The worst part of school is that those in authority realise that SPEC is happening, and that it’s harmful. Everyone knows that students are negatively impacted by their education. They know it can get to be too much. What’s wrong is the general consensus: You do your work, and you deal with it. You’re supposed to struggle because that’s the nature of school. Why should you have it easy? Your grandparents dealt with it, your parents went through it, and now, so do you. If you complain, you’re weak, pathetic, and making a mountain out of a molehill. It’s only recent generations that have finally mustered up the courage to oppose this notion. Perhaps younger generations are ‘soft’, or maybe they are fed up with the stigma and lasting damage school may be causing. I know I am. The entire culture and structure of school is flawed. If you want to succeed in your education, mental health cannot be your priority. It’s your classes, your assignments, your homework, your millions of other commitments, and then, if you have time, your own wellbeing. That is what makes school so wrong and unfair – the acceptance of students being exceedingly stressed, under extreme pressure to achieve sky-high expectations, and constantly compared to their peers. You can see why this would harm someone living with mental illness. Anxiety, Depression, OCD, I’m only naming a few – school is a breeding ground for this stuff. There are students worrying about what they are doing wrong, and thinking about what everyone else is doing better. Students are going home feeling useless, tired and overwhelmed, dragging themselves to school the next morning feeling absolutely defeated. I’m not a mental health professional, but I am a student of the modern age. I understand how ruthless the school system can be, and I know that something needs to change. Perhaps that would improve the mental health of our youth?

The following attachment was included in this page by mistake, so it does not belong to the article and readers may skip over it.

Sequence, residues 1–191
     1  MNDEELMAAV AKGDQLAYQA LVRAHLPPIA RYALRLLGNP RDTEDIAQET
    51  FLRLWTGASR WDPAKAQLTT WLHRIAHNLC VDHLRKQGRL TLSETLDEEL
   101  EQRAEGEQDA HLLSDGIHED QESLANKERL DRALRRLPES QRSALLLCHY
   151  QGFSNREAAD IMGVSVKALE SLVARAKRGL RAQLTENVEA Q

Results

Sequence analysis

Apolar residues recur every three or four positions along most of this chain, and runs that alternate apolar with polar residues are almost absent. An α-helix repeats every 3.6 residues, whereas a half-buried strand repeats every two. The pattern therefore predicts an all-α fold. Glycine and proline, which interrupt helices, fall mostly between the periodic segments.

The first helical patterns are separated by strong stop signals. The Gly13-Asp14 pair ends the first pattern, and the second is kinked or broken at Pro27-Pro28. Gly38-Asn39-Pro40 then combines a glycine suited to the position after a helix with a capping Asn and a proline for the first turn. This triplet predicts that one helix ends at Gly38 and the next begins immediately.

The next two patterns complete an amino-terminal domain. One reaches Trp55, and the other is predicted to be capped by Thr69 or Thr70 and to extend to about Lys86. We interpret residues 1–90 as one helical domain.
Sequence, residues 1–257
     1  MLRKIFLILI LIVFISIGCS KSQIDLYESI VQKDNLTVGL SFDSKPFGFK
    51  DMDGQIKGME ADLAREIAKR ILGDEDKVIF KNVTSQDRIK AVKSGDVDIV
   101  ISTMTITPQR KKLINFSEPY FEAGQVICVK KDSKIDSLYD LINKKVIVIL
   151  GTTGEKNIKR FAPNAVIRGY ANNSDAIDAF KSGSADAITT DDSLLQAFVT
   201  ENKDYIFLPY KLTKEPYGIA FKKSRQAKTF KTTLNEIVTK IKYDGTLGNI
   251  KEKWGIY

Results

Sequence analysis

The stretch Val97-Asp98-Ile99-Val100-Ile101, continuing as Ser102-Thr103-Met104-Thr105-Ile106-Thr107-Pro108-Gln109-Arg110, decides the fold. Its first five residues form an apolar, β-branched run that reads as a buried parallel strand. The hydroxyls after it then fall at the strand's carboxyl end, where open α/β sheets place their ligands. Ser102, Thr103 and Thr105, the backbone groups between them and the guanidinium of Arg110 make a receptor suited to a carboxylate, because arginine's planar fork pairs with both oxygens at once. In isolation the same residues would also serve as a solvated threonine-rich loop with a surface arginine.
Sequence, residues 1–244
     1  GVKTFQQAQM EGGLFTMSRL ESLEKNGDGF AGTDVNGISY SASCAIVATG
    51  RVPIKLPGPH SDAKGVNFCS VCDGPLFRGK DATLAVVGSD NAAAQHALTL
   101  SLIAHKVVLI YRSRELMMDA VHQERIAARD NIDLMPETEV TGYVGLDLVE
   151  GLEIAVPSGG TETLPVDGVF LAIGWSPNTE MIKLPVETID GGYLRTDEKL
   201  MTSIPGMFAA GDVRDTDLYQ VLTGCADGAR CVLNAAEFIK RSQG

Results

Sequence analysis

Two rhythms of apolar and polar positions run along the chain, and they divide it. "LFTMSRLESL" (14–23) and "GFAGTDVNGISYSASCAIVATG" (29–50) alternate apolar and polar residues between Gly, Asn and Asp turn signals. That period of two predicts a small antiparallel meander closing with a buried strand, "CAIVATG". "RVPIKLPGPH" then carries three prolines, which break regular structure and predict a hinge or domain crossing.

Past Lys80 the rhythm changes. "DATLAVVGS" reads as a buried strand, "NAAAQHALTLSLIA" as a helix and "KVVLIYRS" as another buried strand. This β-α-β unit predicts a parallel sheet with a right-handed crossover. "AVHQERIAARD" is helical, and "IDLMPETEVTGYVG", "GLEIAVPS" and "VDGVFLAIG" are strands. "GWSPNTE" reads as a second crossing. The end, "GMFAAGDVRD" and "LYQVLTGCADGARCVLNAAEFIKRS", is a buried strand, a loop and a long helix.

I’ve noticed that now students are aware of the mental health crisis (I deem it a crisis), they joke about it. Mental health has been brought to our attention – the awareness campaigns have worked, but the seriousness of the subject hasn’t resonated. Similar to when students at my school were once informed about domestic violence and drug use, mental illness has become a sort of sick joke. Used repeatedly but negatively in conversation, it becomes normalised. The understanding of the issue’s severity is minimised, eroded until it is virtually gone. Spend an hour in a school and hear: “That Calculus lesson gave me depression” or “This internal is giving me PTSD”.